Boutique brings Madison Avenue ‘frisson’ to gritty Port Morris

Most of the pieces in the store, which can range from $200 to $1000, were created by Bronx designers.

Jerome LaMaar, at right, with a customer at 9J. Photo: Keydra Manns
Jerome LaMaar, at right, with a customer at 9J. Photo: Keydra Manns

A boutique that opened earlier this year is just one sign of the big changes underway in Port Morris. Jerome Lamar, the designer who owns 9J Boutique at 41 Bruckner Boulevard, said he knows that opening an upscale clothing store in a neighborhood long known for its high crime and poverty rates carries risks, but that he is determined to overcome them and thrive.

Last April, a month before LaMaar was about to open, a man was shot just steps away from his new store. The bloody crime scene did not deter him from moving in.

“That’s not new to me,” said LaMaar. “I’m from the ‘hood, I have seen people get shot outside my window.”

The Soundview native started interning with Baby Phat when he was just 15. Now he works with celebrities like Beyoncè and Mariah Carey and says he wants to help introduce that glamorous feel to the area despite its reputation.

“I want to bring luxury to the South Bronx,” he said. “Luxury does not have to be big and expensive. It can be as simple as a handmade soap.”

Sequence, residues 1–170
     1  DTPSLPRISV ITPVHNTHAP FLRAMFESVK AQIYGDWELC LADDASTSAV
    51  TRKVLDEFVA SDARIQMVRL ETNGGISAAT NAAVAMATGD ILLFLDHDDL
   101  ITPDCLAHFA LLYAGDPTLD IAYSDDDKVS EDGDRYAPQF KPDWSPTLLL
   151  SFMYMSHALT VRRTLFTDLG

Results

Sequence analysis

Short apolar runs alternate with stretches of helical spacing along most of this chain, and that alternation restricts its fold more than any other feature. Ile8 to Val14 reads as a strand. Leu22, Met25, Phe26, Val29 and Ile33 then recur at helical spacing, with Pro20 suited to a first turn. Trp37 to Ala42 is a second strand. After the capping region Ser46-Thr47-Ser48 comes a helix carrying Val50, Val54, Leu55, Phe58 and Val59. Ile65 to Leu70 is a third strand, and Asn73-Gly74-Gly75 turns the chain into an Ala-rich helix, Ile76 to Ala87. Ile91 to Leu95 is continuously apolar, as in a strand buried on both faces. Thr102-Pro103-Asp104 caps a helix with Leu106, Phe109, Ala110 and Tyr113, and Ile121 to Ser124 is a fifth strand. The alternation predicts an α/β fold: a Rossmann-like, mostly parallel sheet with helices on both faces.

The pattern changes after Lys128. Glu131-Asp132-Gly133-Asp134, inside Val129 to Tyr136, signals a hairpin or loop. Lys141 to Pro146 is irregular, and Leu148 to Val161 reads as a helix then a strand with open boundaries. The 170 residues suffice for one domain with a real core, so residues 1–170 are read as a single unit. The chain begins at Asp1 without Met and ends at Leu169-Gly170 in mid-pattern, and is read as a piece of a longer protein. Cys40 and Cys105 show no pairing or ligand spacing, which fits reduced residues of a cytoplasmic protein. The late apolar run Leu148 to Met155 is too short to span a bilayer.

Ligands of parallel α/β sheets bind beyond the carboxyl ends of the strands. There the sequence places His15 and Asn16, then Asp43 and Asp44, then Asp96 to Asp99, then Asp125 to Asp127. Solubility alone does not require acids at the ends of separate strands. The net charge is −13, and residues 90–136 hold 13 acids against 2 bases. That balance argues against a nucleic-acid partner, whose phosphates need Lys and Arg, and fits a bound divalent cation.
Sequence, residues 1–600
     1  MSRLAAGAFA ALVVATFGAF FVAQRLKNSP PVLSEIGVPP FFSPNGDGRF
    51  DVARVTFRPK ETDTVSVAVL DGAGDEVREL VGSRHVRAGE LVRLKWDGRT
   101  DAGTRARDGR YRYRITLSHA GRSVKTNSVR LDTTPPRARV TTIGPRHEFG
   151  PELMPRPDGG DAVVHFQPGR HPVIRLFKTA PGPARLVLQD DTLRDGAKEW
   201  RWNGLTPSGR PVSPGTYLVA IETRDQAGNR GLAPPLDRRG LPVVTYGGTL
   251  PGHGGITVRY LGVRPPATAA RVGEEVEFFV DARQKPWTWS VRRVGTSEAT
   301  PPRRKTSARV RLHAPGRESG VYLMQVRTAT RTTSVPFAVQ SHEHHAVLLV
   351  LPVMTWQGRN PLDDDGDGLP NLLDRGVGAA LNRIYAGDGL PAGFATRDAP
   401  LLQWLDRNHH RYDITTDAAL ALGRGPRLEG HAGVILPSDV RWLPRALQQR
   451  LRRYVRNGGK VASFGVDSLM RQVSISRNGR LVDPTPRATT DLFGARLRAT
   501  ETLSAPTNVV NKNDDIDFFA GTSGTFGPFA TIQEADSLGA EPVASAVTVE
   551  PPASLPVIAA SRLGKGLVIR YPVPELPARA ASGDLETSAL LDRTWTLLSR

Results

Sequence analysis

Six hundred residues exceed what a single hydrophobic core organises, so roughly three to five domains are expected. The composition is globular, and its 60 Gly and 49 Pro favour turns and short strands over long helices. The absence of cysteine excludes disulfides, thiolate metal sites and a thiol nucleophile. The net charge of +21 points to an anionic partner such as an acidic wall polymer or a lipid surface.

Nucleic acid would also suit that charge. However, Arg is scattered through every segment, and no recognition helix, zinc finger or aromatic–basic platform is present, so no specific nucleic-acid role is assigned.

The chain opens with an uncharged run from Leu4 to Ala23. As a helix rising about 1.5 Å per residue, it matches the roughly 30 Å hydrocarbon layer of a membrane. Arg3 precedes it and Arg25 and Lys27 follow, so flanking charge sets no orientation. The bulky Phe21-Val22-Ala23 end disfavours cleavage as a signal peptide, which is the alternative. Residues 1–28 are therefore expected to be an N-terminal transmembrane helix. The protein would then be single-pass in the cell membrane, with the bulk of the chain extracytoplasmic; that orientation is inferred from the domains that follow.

9J offers curated custom-made pieces for men and women, like oversized distressed denim jackets covered in sequins and pearls. Most of the pieces in the store—they can range from $200 to $1000—were created by Bronx designers. 9J also offers handmade soaps and candles starting at $40.

LaMaar says most of his revenue so far stems from the events he hosts. He invites other designers and fashion influencers to view his latest collections. It’s not uncommon, he said, for those designers to spend thousands on custom designs within a few hours. But although he acknowledges that the big transactions originate from buyers from outside the area, he hopes more business will come in from within the neighborhood. Still, he says, he would never trade in his Bronx boutique for a Manhattan storefront.

“Manhattan is dead,” said LaMaar. “There is nothing new there. I’m grateful to be here because it gives me the opportunity to create something new and authentic.”

Locally, 9J has received mixed reviews. Some business owners say the shop is a great addition to the neighborhood, but residents have some words of advice for the budding boutique.

“He should design pieces at lower price points for people who live in the area,” said Mott Haven resident Maria Brown. “Everyone wants luxury but everyone can’t afford it.”

Crash Matos, co-owner of the WallWorks art gallery next door, sees no issues with the prices. “I think it’s great that they don’t play down to people when it comes to their prices,” said Matos.

“We have the Mitchel housing projects over here, and then Patterson houses over there,” he said, pointing to the nearby NYCHA complexes. “But who is to say they can’t go into the boutique and buy a leather jacket for $2,000.”

One woman who works nearby, Stephanie Hernandez, passes 9J every day. Although she has never been inside, she said she is happy to see it in the neighborhood.

“It’s cool,” said Hernandez. “Especially for this area, because people would not expect something like that in this community. I will definitely be checking it out.”

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